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Jury awards Ventura $1.8M in defamation case

Tuesday, July 29, 2014 3:07pm

FILE - In this July 22, 2014 file photo former Minnesota Gov. Jesse Ventura, center, arrives at court with his wife, Terry, and others for his defamation lawsuit against "American Sniper" author Chris Kyle in St. Paul, Minn. Kyle wrote in his best-seller that he decked Ventura in a California bar in 2006 after Ventura allegedly said Navy SEALs "deserve to lose a few." Ventura, a former SEAL and pro wrestler, testified Kyle fabricated the story. Kyle denied that in testimony videotaped before his death last year. (AP Photo/The Star Tribune, Jim Gehrz, File) MANDATORY CREDIT; ST. PAUL PIONEER PRESS OUT; MAGS OUT; TWIN CITIES LOCAL TELEVISION OUTST. PAUL, Minn. (AP) — Former Minnesota Gov. Jesse Ventura won $1.8 million Tuesday in his two-year fight to prove he was defamed by a military sniper and best-selling author who claimed to have punched out Ventura at a bar for bad-mouthing the Navy SEALs.


Poll: Immigration concerns rise with tide of kids

Tuesday, July 29, 2014 3:01pm

FILE - In this June 18, 2014, file photo, detainees sleep in a holding cell at a U.S. Customs and Border Protection processing facility in Brownsville,Texas. For nearly two months, images of immigrant children who have crossed the border without a parent, only to wind up in concrete holding cells once in United States, have tugged at heartstrings. Yet most Americans now say U.S. law should be changed so they can be sent home quickly, without a deportation hearing. A new Associated Press-GfK poll finds two-thirds of Americans now say illegal immigration is a serious problem for the country, up 14 points since May and on par with concern about the issue in May 2010, when Arizona's passage of a strict anti-immigration measure brought the issue to national prominence. (AP Photo/Eric Gay, Pool)McALLEN, Texas (AP) — For nearly two months, images of immigrant children who have crossed the border without a parent, only to wind up in concrete holding cells once in United States, have tugged at heartstrings. Yet most Americans now say U.S. law should be changed so they can be sent home quickly, without a deportation hearing.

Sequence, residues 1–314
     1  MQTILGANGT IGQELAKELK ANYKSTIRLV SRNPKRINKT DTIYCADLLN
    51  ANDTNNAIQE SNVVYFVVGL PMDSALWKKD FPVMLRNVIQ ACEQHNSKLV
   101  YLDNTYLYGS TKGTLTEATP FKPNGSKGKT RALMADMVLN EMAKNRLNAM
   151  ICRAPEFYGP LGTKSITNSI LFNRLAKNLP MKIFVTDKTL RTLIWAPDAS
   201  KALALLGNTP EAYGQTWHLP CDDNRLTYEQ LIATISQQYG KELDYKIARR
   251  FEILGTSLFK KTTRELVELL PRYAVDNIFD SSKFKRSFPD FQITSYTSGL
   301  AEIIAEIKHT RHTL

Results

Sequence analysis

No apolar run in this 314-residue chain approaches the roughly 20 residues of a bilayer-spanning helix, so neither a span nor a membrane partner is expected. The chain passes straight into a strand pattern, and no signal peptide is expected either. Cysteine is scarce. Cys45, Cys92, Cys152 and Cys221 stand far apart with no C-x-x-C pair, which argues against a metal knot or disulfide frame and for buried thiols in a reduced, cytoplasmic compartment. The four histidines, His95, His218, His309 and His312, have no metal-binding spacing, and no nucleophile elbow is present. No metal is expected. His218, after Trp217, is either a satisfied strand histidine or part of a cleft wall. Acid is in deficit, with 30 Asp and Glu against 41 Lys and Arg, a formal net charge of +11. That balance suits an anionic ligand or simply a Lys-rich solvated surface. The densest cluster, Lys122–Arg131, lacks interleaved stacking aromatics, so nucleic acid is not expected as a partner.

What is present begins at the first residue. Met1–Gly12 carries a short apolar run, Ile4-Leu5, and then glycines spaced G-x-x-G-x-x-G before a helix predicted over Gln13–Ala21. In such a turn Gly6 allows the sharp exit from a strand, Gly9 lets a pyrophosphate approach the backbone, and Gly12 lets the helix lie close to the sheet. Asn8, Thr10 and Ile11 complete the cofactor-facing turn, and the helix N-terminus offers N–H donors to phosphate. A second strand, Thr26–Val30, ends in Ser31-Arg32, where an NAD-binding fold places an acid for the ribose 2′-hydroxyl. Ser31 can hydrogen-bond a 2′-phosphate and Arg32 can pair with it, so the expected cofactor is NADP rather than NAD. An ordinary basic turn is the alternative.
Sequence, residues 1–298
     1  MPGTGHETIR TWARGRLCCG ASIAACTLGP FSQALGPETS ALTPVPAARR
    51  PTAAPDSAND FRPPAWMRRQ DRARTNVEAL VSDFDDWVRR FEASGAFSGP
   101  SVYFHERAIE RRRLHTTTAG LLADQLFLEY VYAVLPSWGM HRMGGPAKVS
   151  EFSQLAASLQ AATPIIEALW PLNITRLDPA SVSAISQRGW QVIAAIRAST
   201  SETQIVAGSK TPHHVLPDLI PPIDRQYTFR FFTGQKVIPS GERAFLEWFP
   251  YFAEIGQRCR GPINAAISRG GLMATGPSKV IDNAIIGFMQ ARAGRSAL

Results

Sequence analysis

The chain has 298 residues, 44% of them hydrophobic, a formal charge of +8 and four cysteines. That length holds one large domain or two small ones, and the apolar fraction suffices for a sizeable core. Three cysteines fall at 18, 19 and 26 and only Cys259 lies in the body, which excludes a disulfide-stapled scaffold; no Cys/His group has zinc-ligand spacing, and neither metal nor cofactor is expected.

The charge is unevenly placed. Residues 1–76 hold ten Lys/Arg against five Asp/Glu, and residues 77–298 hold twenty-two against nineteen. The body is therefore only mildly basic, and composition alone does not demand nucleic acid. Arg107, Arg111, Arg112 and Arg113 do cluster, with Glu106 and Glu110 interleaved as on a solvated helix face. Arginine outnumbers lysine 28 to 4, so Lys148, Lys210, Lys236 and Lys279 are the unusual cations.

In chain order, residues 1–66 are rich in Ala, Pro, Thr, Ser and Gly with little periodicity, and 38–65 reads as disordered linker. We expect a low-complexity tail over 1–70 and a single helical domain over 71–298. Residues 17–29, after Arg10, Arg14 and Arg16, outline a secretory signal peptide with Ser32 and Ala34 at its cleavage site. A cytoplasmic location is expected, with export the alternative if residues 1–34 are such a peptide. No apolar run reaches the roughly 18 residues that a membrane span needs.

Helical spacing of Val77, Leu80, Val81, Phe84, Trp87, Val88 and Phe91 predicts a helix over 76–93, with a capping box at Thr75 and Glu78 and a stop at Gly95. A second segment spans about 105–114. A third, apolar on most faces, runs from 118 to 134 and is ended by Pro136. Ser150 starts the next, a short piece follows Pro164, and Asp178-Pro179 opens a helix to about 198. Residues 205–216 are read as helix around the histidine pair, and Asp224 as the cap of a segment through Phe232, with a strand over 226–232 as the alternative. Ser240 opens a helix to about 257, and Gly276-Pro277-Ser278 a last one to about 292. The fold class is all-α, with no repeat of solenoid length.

US accuses Russia of violating 1987 missile treaty

Tuesday, July 29, 2014 2:56pm

In this Dec. 8, 1987, file photo, U.S. President Ronald Reagan, right, shakes hands with Soviet leader Mikhail Gorbachev after the two leaders signed the Intermediate Range Nuclear Forces Treaty to eliminate intermediate-range missiles during a ceremony in the White House East Room in Washington. In an escalation of tensions, the Obama administration accused Russia on July 28, 2014, of conducting tests in violation of a 1987 nuclear missile treaty, calling the breach "a very serious matter" and going public with allegations that have simmered for some time. The treaty confrontation comes at a highly strained time between President Barack Obama and Russian President Vladimir Putin over Russia's intervention in Ukraine and Russia's grant of asylum to National Security Agency leaker Edward Snowden.(AP Photo/Bob Daugherty, File)WASHINGTON (AP) — The Obama administration accusation that Russia violated a key nuclear weapons treaty leaves the future of the 26-year-old accord in question and further dampens President Barack Obama's hopes to burnish his legacy with deeper cuts to nuclear arsenals.


American Express 2Q profit rises 9 percent

Tuesday, July 29, 2014 2:53pm

FILE - In this July 19, 2011 file photo, passers-by walk past an American Express logo near the entrance to a bank in the Harvard Square neighborhood of Cambridge, Mass. American Express Co.. reports quarterly financial results on Tuesday, July 29, 2014. (AP Photo/Steven Senne, File)American Express Co.'s net income grew 9 percent in the second quarter, as spending by cardholders increased and the credit card issuer set aside less money to cover potential credit losses. A one-time gain related to the company's business travel division also helped boost results.


Clean-air rules assailed as too much, too little

Tuesday, July 29, 2014 2:53pm

Clean air advocates cheer as Mary Anne Hitt, director of the Sierra Club's Beyond Coal Campaign, speaks at a rally outside an Environmental Protection Agency hearing, Tuesday, July 29, 2014, in Atlanta. Utility and coal companies are expected to argue Tuesday against proposals from the Obama administration that would force a 30 percent cut in carbon dioxide emissions by the year 2030 from 2005 levels. The EPA is holding three public hearings on the proposal in Atlanta, Denver and Washington. (AP Photo/David Goldman)DENVER (AP) — Hundreds of people across the country lined up Tuesday to tell the Environmental Protection Agency that its new rules for power-plant pollution either go too far or not far enough.


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